The House with a Clock in Its Walls is a delightfully funny journey into the scary realm of magic.
The House with a Clock in Its Walls is a supernatural comedy horror film for children, but will also be very enjoyable for adults. The story is based on the novel of the same name written by John Bellairs in 1973. Although the novel is over 40 years old, it’s not outdated at all and the film hasn’t changed that much to stay true to the original. With wonderful special effects to make it Halloween scary and thrilling, it succeeds to amaze the kids and to scare the adults with one particular surreal creepy scene. It’s a great magical scary family film to watch together with Halloween.
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It’s 1955 when Lewis Barnavelt is on his way to live with his uncle Jonathan in New Zebedee after his parents died. His uncle is a bit strange and his neighbor Mrs Florence Zimmerman is even stranger. But what he doesn’t know yet is that they are respectively a wizard and a witch. To make the fun even better, there are no rules and he can eat as much cookies as he likes and go to bed when he’s ready. There’s only one rule: It’s forbidden to open a closed cabinet.
And there’s more strange things that happen in the night. He hears a clock, but can’t find it and watches his uncle sneak through the house at night. When Lewis makes a new friend, he wants to impress Tarby with magic and of course the closed cabinet doesn’t stay closed, with severe consequences.
Why you should watch it
While the story sticks to the original one, the emphasis lies more on Uncle Jonathan who is played by Jack Black and on Mrs Zimmerman who is played by Cate Blanchett. They have great chemistry together and steal the show, while Lewis is a character to whom everything just happens and is the embodiment of the children who are watching. While in the book Lewis himself plays a much bigger part. His character is slightly changed to connect to a modern audience, to make his actions more understandable, but that fits perfectly into the story of the film.
The film contains more magic than thrilling or scary scenes, while the book has more scarier parts. The film focuses on humor and the magic itself, but doesn’t forget that it must be creepy at times for children. While the humor and magic is aimed at a younger audience, the background stories of both Uncle Jonathan and Mrs Zimmerman are created to give more body to the adult characters who are now much more than comical notes. It makes them more fleshed out and it adds a bit of tragedy to them, while also connecting them to each other and to Lewis.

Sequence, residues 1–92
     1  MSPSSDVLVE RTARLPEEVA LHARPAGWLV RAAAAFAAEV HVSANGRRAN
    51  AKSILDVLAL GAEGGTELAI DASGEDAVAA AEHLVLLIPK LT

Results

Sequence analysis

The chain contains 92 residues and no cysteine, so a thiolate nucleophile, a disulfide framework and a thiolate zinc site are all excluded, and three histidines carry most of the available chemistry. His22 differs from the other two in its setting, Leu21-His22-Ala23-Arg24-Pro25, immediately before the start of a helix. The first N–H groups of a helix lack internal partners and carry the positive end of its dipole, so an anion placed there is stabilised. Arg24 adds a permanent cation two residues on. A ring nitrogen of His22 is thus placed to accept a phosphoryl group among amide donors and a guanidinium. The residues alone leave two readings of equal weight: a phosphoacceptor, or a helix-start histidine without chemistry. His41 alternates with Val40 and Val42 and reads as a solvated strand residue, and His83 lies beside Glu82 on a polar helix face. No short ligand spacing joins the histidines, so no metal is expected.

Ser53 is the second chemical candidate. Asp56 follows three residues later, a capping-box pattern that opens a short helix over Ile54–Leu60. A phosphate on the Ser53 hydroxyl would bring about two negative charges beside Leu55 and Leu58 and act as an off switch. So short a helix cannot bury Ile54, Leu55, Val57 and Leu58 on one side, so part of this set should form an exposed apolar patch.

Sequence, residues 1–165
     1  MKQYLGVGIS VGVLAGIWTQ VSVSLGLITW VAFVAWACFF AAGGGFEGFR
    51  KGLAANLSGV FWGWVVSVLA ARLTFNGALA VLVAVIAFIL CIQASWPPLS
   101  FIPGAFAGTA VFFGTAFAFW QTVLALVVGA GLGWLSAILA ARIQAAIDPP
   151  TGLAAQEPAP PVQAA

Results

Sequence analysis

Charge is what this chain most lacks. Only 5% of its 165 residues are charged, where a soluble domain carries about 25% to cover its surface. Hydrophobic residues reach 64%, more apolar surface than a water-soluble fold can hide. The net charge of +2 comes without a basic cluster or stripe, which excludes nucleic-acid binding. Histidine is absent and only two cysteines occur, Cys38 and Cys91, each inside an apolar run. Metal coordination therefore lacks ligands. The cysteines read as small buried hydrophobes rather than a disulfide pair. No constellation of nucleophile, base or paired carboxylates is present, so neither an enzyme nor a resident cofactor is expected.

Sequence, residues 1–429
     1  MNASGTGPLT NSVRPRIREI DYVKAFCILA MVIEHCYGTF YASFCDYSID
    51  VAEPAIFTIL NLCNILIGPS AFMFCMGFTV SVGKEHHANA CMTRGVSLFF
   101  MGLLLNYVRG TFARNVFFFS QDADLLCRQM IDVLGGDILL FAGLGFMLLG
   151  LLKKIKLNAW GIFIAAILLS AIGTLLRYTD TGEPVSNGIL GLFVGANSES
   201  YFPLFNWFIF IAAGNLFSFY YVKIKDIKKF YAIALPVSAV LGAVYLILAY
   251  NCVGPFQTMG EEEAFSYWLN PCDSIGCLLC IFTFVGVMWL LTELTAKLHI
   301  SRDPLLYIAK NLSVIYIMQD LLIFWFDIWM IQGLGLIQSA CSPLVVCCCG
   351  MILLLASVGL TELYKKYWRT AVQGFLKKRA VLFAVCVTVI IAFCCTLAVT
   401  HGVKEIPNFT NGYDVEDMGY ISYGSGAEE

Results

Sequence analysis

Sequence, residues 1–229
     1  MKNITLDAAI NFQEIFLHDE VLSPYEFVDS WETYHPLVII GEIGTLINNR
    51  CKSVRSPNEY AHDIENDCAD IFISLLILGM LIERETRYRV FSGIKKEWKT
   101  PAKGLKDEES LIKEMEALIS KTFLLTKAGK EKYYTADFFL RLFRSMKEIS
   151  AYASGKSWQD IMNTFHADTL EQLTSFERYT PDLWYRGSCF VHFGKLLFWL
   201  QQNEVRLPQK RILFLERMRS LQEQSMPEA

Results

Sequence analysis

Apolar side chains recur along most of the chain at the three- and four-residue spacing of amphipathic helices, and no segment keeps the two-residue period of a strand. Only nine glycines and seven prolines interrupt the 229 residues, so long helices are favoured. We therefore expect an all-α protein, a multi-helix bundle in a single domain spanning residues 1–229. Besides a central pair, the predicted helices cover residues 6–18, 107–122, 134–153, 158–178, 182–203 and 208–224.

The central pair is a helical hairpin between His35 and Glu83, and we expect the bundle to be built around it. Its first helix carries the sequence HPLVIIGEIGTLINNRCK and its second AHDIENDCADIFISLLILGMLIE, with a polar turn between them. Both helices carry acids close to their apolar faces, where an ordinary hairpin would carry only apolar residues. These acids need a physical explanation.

The magic is wonderfully made and the special effects are great and add a real fantasy vibe to the story. While Mrs Zimmerman becomes an even more badass than she already was in the book, Uncle Jonathan is a great comical figure who can be serious if he wants to be, but not that badass. Especially when he is vacuuming in the air and the chair takes a selfie with the whole incident.
The structure and storytelling are clearly aimed at a younger audience, but the scary scenes take kids just as seriously as the book, and knows that children like to be scared in a safe environment, especially when watching it with the whole family. The pace, the way the scary parts are combined with the humor and action and serious parts is well-crafted into a compelling story. Some imaginative cinematography by telling a story by looking through a telescope is creative and adds something special to the story.
The scary scenes contain creepy dolls that come to life, a demon Azazel, evil witches and Uncle Jonathan who transforms into a baby. But even these scary scenes are kept lighter due to the music and the always confident Mrs Zimmerman. While the search of the Clock in the house is a very exciting adventure that can be quite dangerous and magical at the same time. Because that’s what the story is all about. This mysterious ticking clock and its makers, the former residents of the house, Isaac Izard and his wife Selena, an evil warlock and an evil witch. They now have more background story to them and a big twist lies ahead.
There are some changes made to create a more enticing story that works better on screen than on the pages of a book. Because the visual aspect is added new creative storylines make it more visually scary and tell a bigger story, where Lewis didn’t have a hand in. The vibe is very much the same and the book comes to life in a magical way, just like Uncle Jonathan’s house.
My favorite part
I liked the bewitched chair that now has become a real character itself. Now that it’s all visual, the magic really comes to life and the house is an even more magical place than in the book. Maybe less scary, but more adventurous and with more fantasy elements, this is an enchanting scary story that will speak to kids who love a scary story. And for the adults is Jack Black’s head put upon a baby’s body the most creepy thing of the whole film. It’s a sight you won’t forget anytime soon and very disturbing, although also in a very fun way.
Scare factor: ★★★☆☆
Originality factor: ★★★★☆
Entertainment factor: ★★★★★
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Cast and crew
The House with a Clock in Its Walls is directed by Eli Roth and written by Eric Kripke. It’s based on the children’s novel The House With a Clock in Its Walls written by John Bellairs in 1973. It stars Jack Black (Uncle Jonathan), Cate Blanchett (Florence Zimmerman), Owen Vaccaro (Lewis Barnavelt), Renée Elise Goldsberry (Selena Izard), Kyle MacLachlan (Isaac Izard), Colleen Camp (Mrs. Hanchett) and Sunny Suljic (Tarby Corrigan).
Duration: 105 minutes. Music by: Nathan Barr. Cinematography: Rogier Stoffers. Edited by: Andrew S. Eisen, Fred Raskin. Produced by: Bradley J. Fischer, James Vanderbilt, Eric Kripke. Production company: Amblin Entertainment, Reliance Entertainment, Mythology Entertainment. Distributed by: Universal Pictures.